Your brain is just like Google.

When you choose a product or service from the numerous choices available, your brain uses its own algorithm to subconsciously evaluate the choices that are under consideration, in exactly the same way that Google uses its algorithm to decide which websites to show in your search results.

The brands that are selected by the algorithm are evaluated to best fit the present purpose (relevant), have sent frequent and consistent signals in the past (coherence), and have personal interaction (participation). These form the three laws of branding, of which any business must be aware to ensure their brand is at the top of consumers’ minds at the moment a purchase decision is made.

Three-laws-branding

The Mind’s Algorithm

The algorithm that takes place in our brain guides us through the process of choosing a product or a service from those brands that we already know about.

First a goal arises in the mind. Brands are then evaluated against the three laws, in competition for awareness. In Google, this is when you enter a search string and Google checks the results of page ranks, to form the first page of search results.

Of those brands that are returned by our brain, the brand that best fits the three laws enters awareness first and gets our awareness, just like Google’s search results. In both cases, we take action, and choose the first result as the preferred option, unless there is a conscious decision otherwise.

Brand-choice

Law 1: Relevance

Brand relevance is how well than brand resonates with the wants and needs of the target audience. This includes everything from the alignment of a brand, as well as its brand attributes, brand identity and brand personality.

To ensure your brand is relevant, you must have a very clear picture of your target market. All marketing communications across all channels must deliver the same tone and personality so that consumers are never confused about what your brand stands for.

Law 2: Coherence

Brand coherence is achieved when your brand’s message is consistent over time and in different media. In the brain, consistency leads consumers to associate this brand as most likely to meet a specific need. When this goal is expressed, the most consistent brand will come to consumers’ minds as a solution.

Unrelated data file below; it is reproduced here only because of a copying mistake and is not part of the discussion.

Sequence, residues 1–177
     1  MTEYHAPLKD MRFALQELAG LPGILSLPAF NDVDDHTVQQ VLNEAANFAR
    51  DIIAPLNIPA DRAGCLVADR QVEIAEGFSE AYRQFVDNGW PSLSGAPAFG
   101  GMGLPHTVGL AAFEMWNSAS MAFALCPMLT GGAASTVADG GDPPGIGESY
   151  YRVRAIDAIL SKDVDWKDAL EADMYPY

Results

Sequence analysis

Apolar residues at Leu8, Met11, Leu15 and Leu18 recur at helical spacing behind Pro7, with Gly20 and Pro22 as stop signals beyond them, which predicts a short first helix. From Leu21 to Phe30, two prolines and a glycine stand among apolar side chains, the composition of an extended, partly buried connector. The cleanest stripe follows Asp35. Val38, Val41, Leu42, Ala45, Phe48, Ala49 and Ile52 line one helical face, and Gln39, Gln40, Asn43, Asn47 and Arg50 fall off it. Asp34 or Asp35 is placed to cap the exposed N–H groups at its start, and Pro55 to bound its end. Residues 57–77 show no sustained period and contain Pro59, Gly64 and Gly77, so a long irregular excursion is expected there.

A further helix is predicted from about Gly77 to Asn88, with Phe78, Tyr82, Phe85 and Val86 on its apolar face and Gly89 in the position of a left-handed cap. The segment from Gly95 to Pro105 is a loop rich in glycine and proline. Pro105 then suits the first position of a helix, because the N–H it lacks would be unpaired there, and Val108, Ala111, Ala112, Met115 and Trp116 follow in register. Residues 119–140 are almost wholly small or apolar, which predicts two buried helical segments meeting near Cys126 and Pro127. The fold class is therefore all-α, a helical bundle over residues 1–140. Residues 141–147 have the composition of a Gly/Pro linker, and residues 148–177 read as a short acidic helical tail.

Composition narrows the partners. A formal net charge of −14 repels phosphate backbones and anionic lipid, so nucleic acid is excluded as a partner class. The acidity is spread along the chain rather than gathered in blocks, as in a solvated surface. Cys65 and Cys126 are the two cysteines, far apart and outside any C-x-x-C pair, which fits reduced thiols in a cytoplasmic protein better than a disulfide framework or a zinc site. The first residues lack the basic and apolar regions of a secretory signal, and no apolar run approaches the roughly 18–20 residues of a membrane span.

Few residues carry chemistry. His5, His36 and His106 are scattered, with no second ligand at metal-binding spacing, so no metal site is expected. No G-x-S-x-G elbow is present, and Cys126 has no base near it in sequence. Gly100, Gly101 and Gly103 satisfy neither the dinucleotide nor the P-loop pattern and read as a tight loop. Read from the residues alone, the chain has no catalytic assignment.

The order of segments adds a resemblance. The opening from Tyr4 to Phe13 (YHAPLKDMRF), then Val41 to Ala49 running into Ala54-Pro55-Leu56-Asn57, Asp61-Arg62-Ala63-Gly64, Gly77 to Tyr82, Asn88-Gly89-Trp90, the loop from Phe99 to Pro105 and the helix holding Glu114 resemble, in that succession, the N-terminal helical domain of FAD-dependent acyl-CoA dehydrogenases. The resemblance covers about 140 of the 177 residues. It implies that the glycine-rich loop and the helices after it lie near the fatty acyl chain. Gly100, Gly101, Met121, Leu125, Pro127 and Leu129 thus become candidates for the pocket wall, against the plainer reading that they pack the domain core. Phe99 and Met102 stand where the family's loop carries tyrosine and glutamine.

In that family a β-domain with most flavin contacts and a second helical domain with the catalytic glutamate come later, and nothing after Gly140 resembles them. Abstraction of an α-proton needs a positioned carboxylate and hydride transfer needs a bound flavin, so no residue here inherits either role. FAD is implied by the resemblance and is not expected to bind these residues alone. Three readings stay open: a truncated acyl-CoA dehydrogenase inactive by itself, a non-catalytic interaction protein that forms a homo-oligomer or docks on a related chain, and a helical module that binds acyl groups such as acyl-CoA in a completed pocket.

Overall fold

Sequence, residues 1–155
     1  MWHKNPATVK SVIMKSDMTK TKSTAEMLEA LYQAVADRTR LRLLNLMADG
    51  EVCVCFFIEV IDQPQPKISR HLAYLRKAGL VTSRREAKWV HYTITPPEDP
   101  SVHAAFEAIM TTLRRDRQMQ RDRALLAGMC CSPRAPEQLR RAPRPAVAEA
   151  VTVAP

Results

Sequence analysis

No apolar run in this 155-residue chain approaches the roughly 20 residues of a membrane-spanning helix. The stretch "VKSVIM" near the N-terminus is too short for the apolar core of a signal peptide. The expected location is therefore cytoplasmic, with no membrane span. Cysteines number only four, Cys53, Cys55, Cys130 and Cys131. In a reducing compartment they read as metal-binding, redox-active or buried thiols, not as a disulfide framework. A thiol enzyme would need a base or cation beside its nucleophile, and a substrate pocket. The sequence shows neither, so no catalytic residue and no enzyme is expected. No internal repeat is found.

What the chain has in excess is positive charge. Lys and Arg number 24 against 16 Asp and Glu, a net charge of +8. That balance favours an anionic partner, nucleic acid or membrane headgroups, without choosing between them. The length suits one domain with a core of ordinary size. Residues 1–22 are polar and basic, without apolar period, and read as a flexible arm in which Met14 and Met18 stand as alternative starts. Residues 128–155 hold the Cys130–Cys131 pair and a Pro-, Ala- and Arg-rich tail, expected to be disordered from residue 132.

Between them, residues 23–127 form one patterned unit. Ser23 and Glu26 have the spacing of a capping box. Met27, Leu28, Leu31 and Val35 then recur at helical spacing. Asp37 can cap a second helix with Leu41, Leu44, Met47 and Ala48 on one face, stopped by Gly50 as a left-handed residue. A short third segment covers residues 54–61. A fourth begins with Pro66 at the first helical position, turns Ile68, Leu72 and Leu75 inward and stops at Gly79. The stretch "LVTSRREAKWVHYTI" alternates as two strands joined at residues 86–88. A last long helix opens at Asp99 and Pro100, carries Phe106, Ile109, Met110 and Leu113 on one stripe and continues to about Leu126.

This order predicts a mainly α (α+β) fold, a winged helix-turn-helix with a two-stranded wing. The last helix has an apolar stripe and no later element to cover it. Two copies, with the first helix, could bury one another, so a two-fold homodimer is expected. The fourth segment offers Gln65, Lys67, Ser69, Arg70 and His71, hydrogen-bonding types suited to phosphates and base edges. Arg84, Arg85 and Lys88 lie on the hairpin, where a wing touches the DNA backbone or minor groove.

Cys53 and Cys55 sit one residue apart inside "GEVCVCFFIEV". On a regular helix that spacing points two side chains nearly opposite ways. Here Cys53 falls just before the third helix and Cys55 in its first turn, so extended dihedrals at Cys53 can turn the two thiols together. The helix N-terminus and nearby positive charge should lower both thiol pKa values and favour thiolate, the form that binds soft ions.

When thinking of a brand with excellent coherence, think of Coca-Cola whose premise is to ‘open happiness’. Your brand promise, or the solution delivered by your product or service, must be sufficiently broad to encompass consumers’ different needs, without losing specificity. Simple reiteration does not equal coherence.

coca-cola-open-happiness

Law 3: Participation

Participation occurs when consumers create brand meaning by interacting with or making a connection to a brand. Participation can take the form of online quizzes, photo or video contests, submission contests and more. The idea behind participative marketing is to get consumers talking and engaging with your brand organically.

Participation is not only social media. Social media is an enabler of brand participation, but is usually ineffective as the only participation measure utilized. Give people the chance to interact with each other (as well as with the brand) and it will lower stress and add positive connections.

These three laws reinforce branding at its essence. Relevance is making sure your business is well-positioned to meet the needs of your target market. Coherence is building marketing campaigns that resonate with your core audience. Finally, participation is about selecting the right participative media on which to promote your product or service.

Playing into consumers’ subconscious choice algorithm, your brand will stick out in the minds of consumers, just like the first search result displayed in Google.

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